If you need more yarn and cannot get it with the same batch number, don’t panic! Different batches don’t always show variations, and even if they do, there are techniques to minimise the striping effect. It is rare that a project cannot be saved.
If you are ordering yarn to top up a project, please let us know what batch number you already have and we will check to see if we can match it.
Yarn is sold by physical weight (in grams or ounces) but not all 50 gram balls are the same. The fibres and construction will influence how many metres are available in a given weight of that yarn. This information is given on the yarn label. For example, 50 grams of merino 8 ply/double knit may have 110 metres of yarn; but 50 grams of acrylic 8 ply/double knit may have 135 metres of yarn. If you need 125 metres, you will need two balls of merino, but only one of acrylic.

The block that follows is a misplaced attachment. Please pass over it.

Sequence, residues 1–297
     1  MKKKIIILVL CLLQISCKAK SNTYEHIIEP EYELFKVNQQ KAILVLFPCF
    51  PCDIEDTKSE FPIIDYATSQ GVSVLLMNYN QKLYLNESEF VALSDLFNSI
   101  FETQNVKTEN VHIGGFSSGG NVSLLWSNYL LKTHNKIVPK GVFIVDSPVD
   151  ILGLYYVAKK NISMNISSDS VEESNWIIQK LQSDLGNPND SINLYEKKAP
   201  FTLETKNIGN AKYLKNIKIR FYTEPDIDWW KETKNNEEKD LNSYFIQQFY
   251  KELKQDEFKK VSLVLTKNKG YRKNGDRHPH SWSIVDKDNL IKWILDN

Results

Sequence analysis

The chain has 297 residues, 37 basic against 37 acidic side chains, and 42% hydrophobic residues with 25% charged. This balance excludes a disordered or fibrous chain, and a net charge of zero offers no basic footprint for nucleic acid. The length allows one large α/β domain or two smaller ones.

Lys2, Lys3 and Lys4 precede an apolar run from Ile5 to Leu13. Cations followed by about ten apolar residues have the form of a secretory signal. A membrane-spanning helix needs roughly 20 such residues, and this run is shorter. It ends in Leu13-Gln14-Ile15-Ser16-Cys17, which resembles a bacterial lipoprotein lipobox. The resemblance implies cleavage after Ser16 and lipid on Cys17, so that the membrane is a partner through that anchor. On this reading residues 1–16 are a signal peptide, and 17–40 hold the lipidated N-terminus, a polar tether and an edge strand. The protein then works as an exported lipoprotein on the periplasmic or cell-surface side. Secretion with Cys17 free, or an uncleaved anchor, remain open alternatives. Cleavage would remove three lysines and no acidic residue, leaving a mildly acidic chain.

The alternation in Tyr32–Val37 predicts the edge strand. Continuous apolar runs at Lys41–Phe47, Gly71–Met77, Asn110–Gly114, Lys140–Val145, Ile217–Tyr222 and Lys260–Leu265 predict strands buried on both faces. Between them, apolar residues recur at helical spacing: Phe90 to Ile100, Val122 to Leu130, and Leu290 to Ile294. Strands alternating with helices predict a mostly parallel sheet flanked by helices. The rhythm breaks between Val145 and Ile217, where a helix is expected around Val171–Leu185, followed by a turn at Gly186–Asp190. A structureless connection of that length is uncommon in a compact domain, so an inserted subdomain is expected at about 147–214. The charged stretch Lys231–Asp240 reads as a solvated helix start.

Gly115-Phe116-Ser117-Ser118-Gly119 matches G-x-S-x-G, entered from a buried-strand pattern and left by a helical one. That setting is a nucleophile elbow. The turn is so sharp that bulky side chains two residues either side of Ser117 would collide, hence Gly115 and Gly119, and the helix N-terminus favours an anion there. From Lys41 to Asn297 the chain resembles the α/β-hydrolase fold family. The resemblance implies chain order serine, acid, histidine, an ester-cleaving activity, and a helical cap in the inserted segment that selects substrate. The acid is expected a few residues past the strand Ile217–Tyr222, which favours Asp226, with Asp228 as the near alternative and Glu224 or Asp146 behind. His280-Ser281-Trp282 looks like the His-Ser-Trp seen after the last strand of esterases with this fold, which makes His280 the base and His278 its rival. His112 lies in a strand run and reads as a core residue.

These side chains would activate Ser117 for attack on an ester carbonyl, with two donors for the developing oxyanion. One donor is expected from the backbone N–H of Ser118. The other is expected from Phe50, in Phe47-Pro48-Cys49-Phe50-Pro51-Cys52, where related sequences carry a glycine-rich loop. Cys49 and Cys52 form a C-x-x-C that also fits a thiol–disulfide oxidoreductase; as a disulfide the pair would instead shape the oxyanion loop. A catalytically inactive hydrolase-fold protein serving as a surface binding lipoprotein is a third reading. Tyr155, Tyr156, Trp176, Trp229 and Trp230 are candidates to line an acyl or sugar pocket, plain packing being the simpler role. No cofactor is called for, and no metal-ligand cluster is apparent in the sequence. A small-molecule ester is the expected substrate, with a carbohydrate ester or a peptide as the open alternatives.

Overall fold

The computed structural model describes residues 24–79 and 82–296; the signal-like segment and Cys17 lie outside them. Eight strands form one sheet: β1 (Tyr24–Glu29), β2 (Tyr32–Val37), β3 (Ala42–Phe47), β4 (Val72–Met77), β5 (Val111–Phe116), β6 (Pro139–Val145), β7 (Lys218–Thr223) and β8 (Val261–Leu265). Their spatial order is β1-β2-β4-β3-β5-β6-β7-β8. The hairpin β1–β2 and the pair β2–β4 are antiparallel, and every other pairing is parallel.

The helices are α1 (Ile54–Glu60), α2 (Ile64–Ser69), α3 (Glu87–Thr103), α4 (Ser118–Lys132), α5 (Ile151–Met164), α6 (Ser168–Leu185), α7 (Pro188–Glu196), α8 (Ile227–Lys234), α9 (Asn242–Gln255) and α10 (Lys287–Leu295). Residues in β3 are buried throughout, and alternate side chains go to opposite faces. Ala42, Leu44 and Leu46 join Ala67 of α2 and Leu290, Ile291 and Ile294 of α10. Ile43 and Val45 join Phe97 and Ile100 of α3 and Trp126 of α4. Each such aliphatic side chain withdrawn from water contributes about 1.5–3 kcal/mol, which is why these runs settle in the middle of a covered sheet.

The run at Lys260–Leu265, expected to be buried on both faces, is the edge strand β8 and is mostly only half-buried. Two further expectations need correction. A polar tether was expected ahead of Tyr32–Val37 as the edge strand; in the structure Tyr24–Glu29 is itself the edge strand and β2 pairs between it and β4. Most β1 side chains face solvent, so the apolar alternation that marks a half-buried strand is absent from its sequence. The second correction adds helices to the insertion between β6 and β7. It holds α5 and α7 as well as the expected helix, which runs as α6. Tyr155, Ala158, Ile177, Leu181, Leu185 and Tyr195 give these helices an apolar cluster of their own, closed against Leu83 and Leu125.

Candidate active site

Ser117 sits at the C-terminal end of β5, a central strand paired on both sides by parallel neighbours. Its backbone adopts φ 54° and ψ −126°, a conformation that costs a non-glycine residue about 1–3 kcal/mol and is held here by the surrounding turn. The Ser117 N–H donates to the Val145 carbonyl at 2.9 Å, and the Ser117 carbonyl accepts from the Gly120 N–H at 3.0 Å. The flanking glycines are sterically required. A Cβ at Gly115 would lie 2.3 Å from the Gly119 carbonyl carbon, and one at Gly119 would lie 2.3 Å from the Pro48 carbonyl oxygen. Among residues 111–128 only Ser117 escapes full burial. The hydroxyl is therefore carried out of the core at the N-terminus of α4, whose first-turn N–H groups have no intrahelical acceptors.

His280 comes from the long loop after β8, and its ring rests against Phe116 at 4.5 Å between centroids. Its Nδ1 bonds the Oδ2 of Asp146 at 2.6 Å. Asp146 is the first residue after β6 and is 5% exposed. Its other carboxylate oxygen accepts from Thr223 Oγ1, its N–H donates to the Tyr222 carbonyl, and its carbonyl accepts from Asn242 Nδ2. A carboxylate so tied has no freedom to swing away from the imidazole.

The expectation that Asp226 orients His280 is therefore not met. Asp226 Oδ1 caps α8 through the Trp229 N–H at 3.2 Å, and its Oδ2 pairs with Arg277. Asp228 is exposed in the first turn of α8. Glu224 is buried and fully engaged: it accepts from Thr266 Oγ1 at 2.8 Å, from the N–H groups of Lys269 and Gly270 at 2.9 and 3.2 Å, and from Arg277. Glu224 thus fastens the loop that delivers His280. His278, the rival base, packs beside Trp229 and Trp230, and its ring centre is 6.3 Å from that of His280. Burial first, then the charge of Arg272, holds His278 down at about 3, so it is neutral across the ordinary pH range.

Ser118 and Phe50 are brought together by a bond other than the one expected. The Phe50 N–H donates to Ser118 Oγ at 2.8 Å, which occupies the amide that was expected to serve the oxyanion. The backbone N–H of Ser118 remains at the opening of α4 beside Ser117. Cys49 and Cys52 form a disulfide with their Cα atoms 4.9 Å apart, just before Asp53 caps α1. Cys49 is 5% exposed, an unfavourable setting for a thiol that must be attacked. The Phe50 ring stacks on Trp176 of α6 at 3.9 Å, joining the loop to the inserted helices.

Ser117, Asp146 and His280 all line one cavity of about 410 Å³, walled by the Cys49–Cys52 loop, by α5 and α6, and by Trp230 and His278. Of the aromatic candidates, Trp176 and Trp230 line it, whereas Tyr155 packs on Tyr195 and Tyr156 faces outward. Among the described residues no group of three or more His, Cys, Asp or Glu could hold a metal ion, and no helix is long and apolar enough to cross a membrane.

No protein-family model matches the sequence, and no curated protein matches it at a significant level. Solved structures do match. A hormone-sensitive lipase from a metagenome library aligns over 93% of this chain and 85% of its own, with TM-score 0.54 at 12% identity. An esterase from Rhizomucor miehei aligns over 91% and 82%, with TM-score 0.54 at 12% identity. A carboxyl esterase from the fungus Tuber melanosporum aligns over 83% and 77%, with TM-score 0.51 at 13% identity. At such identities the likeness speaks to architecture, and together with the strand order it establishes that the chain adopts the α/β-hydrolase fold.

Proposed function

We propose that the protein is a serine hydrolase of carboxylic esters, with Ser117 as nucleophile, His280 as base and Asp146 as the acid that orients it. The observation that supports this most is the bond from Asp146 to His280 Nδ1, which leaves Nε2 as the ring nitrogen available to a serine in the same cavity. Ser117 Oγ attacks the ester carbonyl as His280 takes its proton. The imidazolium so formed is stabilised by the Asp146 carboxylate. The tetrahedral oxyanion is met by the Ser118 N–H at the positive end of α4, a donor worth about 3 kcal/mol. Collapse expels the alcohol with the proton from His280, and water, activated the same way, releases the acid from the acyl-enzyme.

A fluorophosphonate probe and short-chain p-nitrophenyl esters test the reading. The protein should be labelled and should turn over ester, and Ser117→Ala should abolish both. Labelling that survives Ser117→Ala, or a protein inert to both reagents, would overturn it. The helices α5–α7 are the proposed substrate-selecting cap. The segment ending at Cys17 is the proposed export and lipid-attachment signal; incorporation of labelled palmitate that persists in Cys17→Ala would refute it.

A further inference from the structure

Patterns will either ask for a certain quantity of a specified yarn, or a certain number of metres. Either way, it assumes you will have a certain length of yarn. If you are substituting yarns, you need to ensure that the amount of yarn you obtain is at least the same length, which may mean that you need a greater quantity of yarn in grams!
Do your math before you start a project and you should be fine. Just make sure you always get slightly more than you need. ‘Oopsies’ do happen from time to time.
Yarns can be substituted! But it isn’t an exact science. In general, if the fibre and weight is the same as the recommended fibre and weight then you are safe. Substituting for a very different fibre may result in a fabric or item that performs differently, even if it is the correct size. Make sure you factor in this possibility.
Substituting for a different weight yarn is harder, as it is going to result in a very different size item, or a very different fabric. You will need to undertake some additional steps to make sure you get what you want. If you are unsure about your substitution choice, let us know and we can help.